A guiding principle should be that infrastructure built with public funds should remain in public hands, instead of padding the bottom line of the already-profitable telecommunications giants. Currently, federal and provincial governments support the extension of telecommunications infrastructure to remote and rural areas through special funds and subsidies. This effectively lets the corporations off the hook for the cost of connecting more sparsely populated (and thus less profitable) regions while allowing them to keep the infrastructure once it is built. The Canada Infrastructure Bank, repurposed to support public enterprise instead of its current mandate of privatization, could also play an important part in financing the rollout and expansion of public telecoms infrastructure.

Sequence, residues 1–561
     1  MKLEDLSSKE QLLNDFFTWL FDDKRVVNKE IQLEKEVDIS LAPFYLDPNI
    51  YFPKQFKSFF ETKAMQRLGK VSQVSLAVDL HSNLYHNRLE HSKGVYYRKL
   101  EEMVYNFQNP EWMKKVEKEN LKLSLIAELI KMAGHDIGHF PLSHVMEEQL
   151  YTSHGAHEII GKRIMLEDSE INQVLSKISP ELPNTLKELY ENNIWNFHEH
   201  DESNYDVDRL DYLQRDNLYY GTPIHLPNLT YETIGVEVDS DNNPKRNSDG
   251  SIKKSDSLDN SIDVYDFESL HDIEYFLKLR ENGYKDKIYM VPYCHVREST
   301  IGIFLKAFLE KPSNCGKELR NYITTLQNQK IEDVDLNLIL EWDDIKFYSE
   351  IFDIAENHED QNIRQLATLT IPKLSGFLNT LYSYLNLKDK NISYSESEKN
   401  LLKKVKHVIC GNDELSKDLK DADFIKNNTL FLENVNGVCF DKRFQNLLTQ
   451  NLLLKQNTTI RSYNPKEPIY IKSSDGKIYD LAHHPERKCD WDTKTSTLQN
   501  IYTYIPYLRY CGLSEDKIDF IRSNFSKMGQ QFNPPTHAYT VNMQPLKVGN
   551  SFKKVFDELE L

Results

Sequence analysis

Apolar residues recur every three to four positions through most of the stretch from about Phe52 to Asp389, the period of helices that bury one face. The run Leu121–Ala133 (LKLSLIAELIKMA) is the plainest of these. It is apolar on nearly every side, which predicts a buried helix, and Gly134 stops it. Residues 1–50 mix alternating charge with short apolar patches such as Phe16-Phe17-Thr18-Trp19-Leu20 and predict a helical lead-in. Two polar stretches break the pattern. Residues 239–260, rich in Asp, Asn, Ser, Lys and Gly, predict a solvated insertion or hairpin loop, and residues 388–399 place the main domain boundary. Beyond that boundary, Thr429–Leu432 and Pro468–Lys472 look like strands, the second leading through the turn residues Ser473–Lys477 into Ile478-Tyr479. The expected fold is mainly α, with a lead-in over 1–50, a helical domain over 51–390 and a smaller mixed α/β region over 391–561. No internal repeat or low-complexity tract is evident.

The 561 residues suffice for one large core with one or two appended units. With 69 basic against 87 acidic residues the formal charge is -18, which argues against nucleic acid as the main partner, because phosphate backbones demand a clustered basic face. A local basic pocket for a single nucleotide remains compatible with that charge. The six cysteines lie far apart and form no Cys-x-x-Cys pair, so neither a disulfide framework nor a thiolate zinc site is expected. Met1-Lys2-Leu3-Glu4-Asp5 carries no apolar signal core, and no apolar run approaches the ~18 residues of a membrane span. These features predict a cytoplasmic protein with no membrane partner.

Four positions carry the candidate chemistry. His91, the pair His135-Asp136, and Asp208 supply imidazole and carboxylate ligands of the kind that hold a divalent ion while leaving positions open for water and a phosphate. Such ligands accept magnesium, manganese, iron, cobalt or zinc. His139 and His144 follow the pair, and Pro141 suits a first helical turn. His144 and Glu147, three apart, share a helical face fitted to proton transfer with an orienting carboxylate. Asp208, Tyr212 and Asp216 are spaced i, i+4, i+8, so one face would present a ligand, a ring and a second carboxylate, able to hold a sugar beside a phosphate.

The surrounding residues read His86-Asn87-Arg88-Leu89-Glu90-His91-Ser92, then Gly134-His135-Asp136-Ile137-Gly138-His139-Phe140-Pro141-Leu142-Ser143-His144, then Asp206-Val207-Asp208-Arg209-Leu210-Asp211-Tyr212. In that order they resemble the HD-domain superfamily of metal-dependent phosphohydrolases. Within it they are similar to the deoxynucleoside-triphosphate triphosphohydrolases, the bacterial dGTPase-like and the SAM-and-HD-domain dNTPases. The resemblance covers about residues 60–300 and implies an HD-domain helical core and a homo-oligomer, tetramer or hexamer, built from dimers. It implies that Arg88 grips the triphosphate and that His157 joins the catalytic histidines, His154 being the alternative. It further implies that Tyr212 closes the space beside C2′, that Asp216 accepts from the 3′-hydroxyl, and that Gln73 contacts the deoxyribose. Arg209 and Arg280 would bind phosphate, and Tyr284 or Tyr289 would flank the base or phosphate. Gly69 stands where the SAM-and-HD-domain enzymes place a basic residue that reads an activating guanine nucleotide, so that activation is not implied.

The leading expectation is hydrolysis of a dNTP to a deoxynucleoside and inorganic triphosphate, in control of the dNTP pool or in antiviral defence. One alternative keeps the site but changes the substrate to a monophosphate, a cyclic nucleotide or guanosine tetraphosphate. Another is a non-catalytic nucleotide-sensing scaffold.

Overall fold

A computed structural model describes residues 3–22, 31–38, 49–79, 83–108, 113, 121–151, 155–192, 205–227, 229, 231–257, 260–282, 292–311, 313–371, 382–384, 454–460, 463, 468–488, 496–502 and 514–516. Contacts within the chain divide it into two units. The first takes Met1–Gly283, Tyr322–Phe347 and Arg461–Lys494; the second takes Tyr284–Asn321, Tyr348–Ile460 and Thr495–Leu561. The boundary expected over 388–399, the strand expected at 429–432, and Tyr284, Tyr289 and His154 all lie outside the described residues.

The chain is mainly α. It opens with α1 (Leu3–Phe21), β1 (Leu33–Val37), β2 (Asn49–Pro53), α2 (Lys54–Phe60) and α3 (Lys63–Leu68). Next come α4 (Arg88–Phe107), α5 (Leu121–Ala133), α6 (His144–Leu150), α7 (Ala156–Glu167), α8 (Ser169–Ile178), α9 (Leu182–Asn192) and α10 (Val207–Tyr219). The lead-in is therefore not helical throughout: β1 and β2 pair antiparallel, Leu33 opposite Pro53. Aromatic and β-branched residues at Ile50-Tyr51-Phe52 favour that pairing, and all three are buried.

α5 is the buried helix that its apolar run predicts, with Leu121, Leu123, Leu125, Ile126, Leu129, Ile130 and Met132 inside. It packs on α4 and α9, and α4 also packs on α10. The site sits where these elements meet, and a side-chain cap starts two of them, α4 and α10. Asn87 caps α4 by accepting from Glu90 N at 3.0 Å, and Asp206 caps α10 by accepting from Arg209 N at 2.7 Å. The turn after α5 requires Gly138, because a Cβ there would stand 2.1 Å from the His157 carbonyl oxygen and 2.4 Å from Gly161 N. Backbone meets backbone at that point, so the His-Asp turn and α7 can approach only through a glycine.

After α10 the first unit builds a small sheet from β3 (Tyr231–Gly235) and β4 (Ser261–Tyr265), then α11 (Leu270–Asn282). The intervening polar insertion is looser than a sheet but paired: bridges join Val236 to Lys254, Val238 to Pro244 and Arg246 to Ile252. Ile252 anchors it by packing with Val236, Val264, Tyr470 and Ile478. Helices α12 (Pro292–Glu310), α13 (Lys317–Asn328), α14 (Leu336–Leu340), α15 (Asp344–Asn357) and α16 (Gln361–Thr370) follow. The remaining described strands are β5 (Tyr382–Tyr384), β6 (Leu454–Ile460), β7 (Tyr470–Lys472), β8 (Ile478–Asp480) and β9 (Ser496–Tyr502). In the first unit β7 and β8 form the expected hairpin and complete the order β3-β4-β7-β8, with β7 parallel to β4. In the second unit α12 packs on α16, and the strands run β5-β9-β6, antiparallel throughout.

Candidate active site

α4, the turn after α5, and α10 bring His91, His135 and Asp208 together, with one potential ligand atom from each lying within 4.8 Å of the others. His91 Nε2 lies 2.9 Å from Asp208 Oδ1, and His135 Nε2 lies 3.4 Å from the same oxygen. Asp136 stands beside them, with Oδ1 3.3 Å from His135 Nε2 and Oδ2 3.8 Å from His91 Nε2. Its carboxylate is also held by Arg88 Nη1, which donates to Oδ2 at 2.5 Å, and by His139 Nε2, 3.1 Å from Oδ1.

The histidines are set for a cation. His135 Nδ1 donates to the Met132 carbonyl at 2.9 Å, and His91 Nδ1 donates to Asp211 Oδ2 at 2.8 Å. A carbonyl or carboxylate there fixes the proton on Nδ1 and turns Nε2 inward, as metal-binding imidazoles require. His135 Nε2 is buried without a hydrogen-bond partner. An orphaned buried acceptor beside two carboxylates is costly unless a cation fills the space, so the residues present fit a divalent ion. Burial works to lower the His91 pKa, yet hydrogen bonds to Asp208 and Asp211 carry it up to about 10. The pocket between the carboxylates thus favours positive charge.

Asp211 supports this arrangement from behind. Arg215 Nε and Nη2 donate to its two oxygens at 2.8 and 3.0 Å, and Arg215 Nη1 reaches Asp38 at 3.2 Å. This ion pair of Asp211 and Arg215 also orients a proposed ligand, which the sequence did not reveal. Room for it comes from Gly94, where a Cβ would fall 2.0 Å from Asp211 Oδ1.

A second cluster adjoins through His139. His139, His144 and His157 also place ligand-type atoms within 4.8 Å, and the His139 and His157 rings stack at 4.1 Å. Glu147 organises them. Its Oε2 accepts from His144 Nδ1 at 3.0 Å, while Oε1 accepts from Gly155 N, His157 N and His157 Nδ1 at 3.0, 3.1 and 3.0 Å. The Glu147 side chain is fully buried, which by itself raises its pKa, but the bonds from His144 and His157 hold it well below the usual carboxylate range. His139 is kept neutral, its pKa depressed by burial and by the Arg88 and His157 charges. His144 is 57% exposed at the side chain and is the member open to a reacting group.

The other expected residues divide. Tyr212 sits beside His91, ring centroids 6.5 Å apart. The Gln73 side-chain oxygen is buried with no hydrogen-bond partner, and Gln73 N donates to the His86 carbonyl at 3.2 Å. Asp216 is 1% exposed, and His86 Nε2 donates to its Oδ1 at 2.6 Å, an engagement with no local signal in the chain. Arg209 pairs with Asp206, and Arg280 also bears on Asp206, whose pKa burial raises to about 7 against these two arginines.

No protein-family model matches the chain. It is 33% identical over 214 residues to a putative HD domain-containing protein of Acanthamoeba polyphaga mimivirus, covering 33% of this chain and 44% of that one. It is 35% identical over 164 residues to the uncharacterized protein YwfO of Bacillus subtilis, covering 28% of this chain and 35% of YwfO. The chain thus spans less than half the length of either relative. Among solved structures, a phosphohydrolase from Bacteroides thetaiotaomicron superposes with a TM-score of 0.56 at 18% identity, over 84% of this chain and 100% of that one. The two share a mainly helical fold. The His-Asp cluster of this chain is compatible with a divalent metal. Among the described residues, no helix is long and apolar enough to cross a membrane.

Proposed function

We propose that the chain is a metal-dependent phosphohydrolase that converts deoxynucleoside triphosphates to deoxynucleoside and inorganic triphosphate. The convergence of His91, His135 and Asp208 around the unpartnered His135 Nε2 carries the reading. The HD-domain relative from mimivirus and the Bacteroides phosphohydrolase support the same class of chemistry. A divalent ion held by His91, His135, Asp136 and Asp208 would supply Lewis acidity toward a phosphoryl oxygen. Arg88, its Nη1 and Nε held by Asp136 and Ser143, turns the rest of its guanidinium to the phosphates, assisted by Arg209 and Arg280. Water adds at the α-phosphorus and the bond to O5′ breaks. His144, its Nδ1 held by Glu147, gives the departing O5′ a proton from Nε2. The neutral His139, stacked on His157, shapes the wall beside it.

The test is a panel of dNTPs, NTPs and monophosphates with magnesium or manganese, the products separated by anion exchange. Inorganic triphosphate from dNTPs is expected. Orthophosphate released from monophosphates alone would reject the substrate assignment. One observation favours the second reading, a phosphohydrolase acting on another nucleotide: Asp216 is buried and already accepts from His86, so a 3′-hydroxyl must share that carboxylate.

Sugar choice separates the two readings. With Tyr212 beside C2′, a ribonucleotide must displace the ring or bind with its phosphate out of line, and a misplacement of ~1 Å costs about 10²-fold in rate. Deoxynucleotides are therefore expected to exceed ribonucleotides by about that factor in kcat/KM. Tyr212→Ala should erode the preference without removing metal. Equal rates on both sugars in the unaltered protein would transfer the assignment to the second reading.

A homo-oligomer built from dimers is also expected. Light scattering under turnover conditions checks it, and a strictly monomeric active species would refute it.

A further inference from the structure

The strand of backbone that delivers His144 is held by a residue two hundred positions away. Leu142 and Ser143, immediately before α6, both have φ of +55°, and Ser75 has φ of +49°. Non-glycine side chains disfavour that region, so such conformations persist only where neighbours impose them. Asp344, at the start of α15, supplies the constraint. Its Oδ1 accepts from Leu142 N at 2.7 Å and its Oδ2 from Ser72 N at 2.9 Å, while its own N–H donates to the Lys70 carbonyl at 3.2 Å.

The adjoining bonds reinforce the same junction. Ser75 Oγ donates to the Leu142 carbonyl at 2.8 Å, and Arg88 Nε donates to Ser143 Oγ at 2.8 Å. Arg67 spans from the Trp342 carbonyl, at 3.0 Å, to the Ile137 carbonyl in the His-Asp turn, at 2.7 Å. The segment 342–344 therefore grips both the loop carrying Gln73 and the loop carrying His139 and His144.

We are not obliged to wait for political change at the federal level to implement public alternatives. A fascinating example of what can be done through municipal broadband initiatives comes from an unlikely place: Chattanooga, Tennessee. A mid-sized, declining industrial town in the south with a population of 170,000, Chattanooga began its transformation into a pioneer of municipal broadband in 2007. That year, the Electricity Power Board (EPB, the city’s power company) decided install a “smart grid,” overlaying the power grid with fibre optic cables that track customers’ usage, allocate electricity more efficiently and help reduce outages. In the process, the EPB created a communications network that spanned the whole city and was many times more advanced than what was currently on offer. Confronted with the neglect of the area’s telecoms infrastructure by the dominant ISPs (Comcast and AT&T), the EPB decided to offer high-speed residential internet connections directly to the population via its fibre network.